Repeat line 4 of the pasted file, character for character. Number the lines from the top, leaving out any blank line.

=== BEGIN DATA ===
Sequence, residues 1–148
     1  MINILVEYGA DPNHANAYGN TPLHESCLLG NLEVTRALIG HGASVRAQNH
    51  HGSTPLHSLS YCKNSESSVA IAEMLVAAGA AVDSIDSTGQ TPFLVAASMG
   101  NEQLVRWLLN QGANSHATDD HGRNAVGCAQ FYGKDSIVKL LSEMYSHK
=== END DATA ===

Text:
   101  NEQLVRWLLN QGANSHATDD HGRNAVGCAQ FYGKDSIVKL LSEMYSHK